One had been hearing for years about this production, a live performance of 'Trovatore' prepared by Karajan for Austrian television but never released on video until now. I gather there have been bootleg tapes circulating for years, but I'd never seen one. Karajan, on his triumphant return to the Vienna State Opera the year before, had been treated to opulent conditions. He picked the cast, produced the opera with his own chosen collaborators--Georges Wahkevitch designed the sets and costumes, Robert Stangl did the lighting--and the 1977 series was an unblemished triumph. His cast that time was similar to this one, except that Leontyne Price sang Leonora and Luciano Pavarotti sang Manrico. But that production was not videotaped. The next year he returned to make a television broadcast, in this case with the right to choose the television director, Günther Schneider-Siemssen. This time, however, one of his favorite sopranos, Raina Kabaivanska, replaced Price, and tenor Franco Bonisolli was to sing Manrico. But at the last moment--during the dress rehearsal, in fact--Bonisolli pulled out; accounts vary as to why this was, but legend has it that he was angry that the invited audience did not respond kindly to his third act cabaletta 'Di quella pira.' Be that as it may, Karajan was able to get Plácido Domingo to substitute for the live performance to be broadcast. It had originally been scheduled to be beamed all over Europe, but because the last minute cast change pushed the date of broadcast back by a few days, only Austrian TV carried it. The previous year's 'Trovatore' had been issued as recording, and there is no doubt that it is wonderful. But this one is, in my opinion, even better. Kabaivanska's soprano may not have the richness of Price's (and she doesn't have a trill) but her vocal acting is superior and I would put her up against any soprano singing today; there's no doubt she would meet the competition. As to the rest of the cast, it is impossible to come anywhere close to it these days. Piero Cappucilli is a magnificent, lizard-eyed Count di Luna and has that burnished Verdi baritone that one simply doesn't hear often these days. His 'Il balen' is sensational. Ferrando, in some houses a relatively minor part or at least one relegated to a secondary baritone, is sung by none other than José van Dam! Ferrando's Narrative in Act I is not ever for one moment a bore, as it can sometimes be. Azucena is taken by Fiorenza Cossotto and her voice rings out throughout its range. Further, she is a scarily effective gypsy woman motivated by revenge for her mother's death at the hands of di Luna. Her triumph in the final scene is something to behold. Before that her 'Stride le vampa' gives one goosebumps. Even the minor role of Ruiz is taken by a tenor, Heinz Zednik, who went on to sing leading roles primarily in the German repertoire.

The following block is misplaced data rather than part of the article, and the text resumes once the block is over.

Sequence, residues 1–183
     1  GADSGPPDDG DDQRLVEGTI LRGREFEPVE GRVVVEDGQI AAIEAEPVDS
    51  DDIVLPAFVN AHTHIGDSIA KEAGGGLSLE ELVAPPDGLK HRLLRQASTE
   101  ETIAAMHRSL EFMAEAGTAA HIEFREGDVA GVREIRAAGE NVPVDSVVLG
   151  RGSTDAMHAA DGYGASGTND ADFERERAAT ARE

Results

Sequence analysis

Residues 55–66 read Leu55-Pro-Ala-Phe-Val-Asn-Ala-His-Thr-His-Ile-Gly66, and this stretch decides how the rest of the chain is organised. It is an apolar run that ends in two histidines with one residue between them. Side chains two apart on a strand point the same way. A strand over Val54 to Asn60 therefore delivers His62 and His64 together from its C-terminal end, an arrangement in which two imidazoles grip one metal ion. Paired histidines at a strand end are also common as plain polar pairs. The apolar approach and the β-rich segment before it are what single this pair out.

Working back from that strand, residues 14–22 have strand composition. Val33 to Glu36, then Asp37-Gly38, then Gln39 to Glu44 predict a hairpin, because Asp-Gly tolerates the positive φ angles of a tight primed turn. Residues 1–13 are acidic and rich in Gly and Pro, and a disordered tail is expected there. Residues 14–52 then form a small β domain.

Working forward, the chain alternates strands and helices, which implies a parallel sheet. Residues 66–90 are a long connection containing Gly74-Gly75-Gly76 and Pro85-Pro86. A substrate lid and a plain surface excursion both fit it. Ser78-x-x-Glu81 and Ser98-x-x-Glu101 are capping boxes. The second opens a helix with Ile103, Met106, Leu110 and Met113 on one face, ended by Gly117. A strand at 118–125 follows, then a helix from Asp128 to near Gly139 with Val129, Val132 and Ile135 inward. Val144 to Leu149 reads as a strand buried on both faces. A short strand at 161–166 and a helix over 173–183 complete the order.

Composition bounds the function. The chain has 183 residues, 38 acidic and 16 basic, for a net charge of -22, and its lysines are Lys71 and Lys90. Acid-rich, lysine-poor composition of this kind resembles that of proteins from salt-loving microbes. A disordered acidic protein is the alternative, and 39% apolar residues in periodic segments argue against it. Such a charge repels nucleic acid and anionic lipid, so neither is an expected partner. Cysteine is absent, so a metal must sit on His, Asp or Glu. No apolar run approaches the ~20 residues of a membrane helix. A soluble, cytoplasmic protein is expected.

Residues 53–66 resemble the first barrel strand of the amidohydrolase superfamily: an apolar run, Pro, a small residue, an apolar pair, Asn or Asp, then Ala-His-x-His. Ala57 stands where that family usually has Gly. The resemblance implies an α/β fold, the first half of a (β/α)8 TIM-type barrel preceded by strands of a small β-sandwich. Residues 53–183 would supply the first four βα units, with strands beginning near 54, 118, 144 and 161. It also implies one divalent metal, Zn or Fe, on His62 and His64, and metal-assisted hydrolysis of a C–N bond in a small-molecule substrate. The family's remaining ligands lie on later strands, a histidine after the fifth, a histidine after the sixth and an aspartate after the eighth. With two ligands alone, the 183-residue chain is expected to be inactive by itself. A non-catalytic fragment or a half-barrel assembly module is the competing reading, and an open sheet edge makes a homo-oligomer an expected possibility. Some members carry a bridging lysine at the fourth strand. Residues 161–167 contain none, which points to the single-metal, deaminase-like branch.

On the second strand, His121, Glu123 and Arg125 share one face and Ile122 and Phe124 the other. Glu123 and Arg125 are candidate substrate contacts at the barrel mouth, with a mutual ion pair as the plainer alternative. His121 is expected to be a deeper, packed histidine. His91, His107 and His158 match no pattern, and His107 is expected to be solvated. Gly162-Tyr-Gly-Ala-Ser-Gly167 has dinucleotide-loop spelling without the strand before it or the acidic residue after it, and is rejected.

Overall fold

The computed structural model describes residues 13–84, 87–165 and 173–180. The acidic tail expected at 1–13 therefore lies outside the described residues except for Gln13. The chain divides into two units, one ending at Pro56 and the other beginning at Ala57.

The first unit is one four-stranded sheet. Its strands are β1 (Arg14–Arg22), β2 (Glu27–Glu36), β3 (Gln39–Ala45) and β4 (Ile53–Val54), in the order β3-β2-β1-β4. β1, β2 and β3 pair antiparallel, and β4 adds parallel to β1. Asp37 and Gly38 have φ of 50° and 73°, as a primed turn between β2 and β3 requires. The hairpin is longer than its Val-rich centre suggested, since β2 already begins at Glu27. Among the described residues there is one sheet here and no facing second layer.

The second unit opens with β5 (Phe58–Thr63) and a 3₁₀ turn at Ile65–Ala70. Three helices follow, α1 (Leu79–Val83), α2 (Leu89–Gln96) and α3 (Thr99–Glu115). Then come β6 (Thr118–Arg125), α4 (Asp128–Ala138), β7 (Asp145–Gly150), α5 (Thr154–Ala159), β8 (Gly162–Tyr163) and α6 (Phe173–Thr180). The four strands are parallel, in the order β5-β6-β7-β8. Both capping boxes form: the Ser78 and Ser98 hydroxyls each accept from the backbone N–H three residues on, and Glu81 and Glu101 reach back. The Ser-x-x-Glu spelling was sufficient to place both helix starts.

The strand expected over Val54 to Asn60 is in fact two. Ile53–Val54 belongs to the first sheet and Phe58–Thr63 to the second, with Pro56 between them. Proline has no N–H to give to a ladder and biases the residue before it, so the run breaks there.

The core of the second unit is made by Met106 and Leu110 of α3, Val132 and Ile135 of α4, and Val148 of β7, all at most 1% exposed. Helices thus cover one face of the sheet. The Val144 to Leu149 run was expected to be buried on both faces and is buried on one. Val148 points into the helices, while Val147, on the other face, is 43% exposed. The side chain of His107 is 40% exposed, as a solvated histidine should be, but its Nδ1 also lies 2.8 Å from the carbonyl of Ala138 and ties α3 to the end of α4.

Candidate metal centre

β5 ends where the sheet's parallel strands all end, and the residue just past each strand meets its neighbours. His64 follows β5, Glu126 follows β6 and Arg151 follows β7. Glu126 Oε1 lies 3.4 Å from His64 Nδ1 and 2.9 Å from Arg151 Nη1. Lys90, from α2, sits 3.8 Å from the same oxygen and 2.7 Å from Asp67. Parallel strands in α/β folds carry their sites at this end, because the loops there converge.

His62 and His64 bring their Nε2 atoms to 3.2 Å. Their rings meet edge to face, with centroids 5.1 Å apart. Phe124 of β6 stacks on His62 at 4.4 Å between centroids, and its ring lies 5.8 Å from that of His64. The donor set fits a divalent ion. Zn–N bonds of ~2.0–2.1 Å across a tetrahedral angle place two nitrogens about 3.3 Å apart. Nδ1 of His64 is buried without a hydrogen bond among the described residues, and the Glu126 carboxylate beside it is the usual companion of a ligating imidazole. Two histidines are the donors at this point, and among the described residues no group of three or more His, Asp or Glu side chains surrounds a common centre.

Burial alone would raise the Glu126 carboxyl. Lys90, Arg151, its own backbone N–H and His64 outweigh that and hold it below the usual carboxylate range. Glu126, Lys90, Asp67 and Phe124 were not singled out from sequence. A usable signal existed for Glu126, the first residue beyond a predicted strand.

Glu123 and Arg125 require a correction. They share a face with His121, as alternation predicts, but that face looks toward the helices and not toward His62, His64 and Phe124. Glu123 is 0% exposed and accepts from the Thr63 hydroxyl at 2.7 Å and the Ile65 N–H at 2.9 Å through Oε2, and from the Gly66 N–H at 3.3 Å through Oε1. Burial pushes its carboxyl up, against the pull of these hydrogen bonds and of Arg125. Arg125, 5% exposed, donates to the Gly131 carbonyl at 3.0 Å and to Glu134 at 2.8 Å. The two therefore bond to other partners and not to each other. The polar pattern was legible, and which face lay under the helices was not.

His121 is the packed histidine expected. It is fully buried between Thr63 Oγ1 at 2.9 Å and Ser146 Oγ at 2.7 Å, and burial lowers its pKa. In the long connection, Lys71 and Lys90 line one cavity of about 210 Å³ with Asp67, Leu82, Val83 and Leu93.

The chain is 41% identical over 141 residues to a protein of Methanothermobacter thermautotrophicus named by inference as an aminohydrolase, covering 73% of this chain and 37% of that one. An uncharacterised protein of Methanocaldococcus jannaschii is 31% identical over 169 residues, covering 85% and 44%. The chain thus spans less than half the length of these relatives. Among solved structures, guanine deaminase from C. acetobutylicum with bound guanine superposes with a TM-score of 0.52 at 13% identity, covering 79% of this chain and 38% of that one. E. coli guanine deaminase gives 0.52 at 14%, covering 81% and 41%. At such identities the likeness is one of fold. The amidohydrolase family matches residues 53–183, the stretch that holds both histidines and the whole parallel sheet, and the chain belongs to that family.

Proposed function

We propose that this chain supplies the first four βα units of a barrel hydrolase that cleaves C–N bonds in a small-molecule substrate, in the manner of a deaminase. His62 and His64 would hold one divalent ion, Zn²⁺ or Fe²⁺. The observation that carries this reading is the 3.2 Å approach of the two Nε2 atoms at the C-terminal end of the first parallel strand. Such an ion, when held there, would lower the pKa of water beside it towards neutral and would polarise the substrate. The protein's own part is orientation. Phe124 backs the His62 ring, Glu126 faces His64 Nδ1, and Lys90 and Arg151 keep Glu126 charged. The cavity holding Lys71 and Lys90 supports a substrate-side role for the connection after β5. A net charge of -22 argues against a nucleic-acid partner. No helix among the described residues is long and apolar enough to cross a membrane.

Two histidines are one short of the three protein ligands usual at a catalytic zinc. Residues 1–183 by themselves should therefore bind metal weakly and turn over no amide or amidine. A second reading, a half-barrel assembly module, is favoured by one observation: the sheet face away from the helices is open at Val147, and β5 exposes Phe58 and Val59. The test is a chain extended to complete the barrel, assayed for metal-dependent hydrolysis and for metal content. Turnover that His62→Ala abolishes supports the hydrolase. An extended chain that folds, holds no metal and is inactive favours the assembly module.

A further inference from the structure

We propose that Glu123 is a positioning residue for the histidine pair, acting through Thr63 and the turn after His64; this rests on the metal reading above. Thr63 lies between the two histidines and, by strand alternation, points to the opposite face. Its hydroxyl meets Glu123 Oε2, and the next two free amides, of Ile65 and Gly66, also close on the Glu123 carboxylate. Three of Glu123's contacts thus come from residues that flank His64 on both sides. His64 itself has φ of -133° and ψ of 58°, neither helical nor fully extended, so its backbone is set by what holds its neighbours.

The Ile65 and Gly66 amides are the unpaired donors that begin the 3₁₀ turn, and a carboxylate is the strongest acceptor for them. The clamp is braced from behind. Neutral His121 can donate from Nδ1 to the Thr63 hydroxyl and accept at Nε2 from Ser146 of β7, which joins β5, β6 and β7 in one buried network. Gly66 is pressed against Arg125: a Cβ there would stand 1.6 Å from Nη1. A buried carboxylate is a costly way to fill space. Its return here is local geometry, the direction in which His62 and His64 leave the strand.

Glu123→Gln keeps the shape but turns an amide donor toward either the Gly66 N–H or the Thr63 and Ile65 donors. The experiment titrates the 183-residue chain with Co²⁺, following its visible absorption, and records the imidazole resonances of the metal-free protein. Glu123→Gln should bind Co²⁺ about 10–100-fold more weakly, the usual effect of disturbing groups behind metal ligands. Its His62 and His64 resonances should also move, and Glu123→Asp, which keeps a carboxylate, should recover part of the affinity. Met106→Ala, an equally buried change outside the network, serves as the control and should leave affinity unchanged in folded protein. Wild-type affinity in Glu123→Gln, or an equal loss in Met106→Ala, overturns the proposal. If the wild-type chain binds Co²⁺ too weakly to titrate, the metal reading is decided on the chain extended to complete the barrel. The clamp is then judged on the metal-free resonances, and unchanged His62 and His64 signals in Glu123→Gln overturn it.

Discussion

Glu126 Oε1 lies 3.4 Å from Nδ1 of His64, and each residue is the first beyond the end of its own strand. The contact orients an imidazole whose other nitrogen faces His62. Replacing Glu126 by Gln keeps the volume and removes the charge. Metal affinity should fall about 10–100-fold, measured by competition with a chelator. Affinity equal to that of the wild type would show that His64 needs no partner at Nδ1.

Kabaivanska is a beautiful, slim woman who certainly looks the part; indeed the whole cast is physically attractive. Her singing is nuanced, subtle and yet dramatically pointed when needed. Her pianissimi are breath-taking. The lack of a trill is about the only criticism I can come up with, to be honest. 'Tacea la notte placida' and 'D'amor sull'ali rosee' are marvelous. In the 'Miserere' the voice rides above the chorus with ease; there is an occasional slight under-pitch problem here, but it is of little importance in the drama of the moment.
Domingo, who may be slightly strained in the more dramatic parts of 'Di quella pira' (but not by much, let me assure you), is simply magnificent as the Troubador. 'Ah sì, ben mio' is meltingly sung and his scenes with Azucena and with Leonora are heroically conveyed. Further, his voice has a ring that I had forgotten he had back then. It wasn't long after this that he began essaying some Wagner roles and now I can see why.
Karajan conducts a slightly slower 'Trovatore' than we are used to, although it's nowhere near as slow as Giulini's recording made not long after this. The slow tempo is particularly noticeable, and surprisingly effective, in the Act II finale ('E deggio, e posso crederlo?'). It allows the individual voices to emerge more clearly, and I must say that Kabaivanska's voice rings out as the upper line of this ensemble with thrilling immediacy, partly because Karajan seems to breathe with her. The Vienna State Opera orchestra and chorus are superb, as one would expect, but Karajan seems to get the very best out of them: alert attacks and clarity throughout, dramatically apt acting from the chorus.
The video aspects of this production are not as crisp as we are used to these days. This was 1978, after all, and it is clear that the tape from which this DVD was made had to have some doctoring. There is what I believe to be an electronically-produced scrim effect in Leonora's scene in Act I, but perhaps this was an attempt to cover a somewhat defective tape at that point. None of this is of any detriment whatever, at least to me. The sets and costumes are not only rich and lovely, the whole production is cast in traditional terms: these people and scenes actually look as if they are set in 15th-century Spain--none of this senseless time-shifting so commonly seen these days. The audio is life-like and and modern-sounding in spite of being almost thirty years old. This is a 2DVD set. There are no extras. Subtitles in English, German, French, Italian. 151 mins.
I must say that this set has exceeded my own fairly high expectations. This is a production for the ages.